Afghanistan is one of the three remaining endemic countries in the world along with Pakistan and Nigeria. The endemic countries are intensifying their efforts by making sure they fully implement the strategies in their national polio emergency action plans.

Read more about the details of Afghanistan’s vaccination campaign here.

Related Resources

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Precise tracking of vaccine-responding T cell clones reveals convergent and personalized response in identical twins | PNAS.

[Open Access] [Received for review June 5, 2018; approved October 17, 2018; published ahead of print November 20, 2018]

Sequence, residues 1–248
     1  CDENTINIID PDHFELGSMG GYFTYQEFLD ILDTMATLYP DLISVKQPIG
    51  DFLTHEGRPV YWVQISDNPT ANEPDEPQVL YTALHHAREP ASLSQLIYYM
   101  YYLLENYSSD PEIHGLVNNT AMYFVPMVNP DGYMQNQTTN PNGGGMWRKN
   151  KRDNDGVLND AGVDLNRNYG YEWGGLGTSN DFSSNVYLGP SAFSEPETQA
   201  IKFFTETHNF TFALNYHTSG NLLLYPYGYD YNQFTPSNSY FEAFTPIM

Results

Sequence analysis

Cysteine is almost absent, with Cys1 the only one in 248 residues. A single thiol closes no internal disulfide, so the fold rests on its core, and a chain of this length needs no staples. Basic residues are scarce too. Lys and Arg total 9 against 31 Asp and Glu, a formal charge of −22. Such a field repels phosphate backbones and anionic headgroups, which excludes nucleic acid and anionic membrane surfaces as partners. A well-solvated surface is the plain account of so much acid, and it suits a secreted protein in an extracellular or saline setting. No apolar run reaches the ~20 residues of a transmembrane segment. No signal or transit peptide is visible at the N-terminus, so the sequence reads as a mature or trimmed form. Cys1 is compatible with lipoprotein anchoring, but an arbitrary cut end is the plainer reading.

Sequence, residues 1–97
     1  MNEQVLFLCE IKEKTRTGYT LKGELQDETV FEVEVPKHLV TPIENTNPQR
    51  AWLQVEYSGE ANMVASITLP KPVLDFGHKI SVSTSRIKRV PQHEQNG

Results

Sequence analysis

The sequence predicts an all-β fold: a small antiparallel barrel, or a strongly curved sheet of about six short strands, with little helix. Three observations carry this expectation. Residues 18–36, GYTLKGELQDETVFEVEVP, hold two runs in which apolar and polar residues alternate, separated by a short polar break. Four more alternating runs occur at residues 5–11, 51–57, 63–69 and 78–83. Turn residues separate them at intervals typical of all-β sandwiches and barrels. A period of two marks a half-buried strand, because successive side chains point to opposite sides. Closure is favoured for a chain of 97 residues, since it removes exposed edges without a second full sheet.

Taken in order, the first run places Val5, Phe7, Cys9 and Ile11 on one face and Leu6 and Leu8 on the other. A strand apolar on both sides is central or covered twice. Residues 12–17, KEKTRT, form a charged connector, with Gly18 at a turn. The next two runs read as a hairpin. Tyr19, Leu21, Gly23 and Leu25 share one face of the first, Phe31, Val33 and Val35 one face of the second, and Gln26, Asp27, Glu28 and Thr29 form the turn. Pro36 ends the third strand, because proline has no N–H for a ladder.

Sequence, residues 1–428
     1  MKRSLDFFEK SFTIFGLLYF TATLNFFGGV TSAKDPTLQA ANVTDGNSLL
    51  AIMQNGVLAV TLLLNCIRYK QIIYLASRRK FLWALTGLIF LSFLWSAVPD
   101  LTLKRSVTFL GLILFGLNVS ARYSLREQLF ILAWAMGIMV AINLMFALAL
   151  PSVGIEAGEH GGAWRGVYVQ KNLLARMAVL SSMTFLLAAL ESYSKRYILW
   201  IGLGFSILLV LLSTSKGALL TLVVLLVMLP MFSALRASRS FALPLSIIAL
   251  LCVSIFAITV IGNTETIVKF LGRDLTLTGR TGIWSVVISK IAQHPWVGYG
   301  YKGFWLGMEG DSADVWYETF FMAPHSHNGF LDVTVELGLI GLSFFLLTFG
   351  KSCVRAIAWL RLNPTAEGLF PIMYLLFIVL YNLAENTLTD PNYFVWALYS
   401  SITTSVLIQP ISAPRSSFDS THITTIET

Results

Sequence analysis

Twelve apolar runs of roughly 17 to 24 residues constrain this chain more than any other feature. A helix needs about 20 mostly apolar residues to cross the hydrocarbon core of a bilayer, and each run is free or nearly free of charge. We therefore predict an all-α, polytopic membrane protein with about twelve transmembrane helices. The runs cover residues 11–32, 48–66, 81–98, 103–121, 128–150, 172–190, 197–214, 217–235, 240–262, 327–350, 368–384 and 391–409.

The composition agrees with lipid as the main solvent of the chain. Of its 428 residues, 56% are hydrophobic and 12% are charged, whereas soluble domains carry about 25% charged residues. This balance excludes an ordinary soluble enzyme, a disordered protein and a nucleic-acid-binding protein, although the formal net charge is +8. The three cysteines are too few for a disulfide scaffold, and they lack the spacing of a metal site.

T cells play a key role in the adaptive immune system. The broad repertoire of unique receptors expressed by T cells is in principle able to recognize a huge diversity of pathogens, but how to extract that information from blood samples remains unclear. By sequencing and analyzing the statistics of T cell receptors of subjects vaccinated against yellow fever, we identified vaccine-specific receptors that expanded following vaccination. We show that each individual has a unique response, which is similar yet across subjects in its sequence composition, with a slightly higher similarity between twins. Our method can be used in the clinic to track disease-specific T cell clones expanding or contracting after infection, vaccination, or therapy.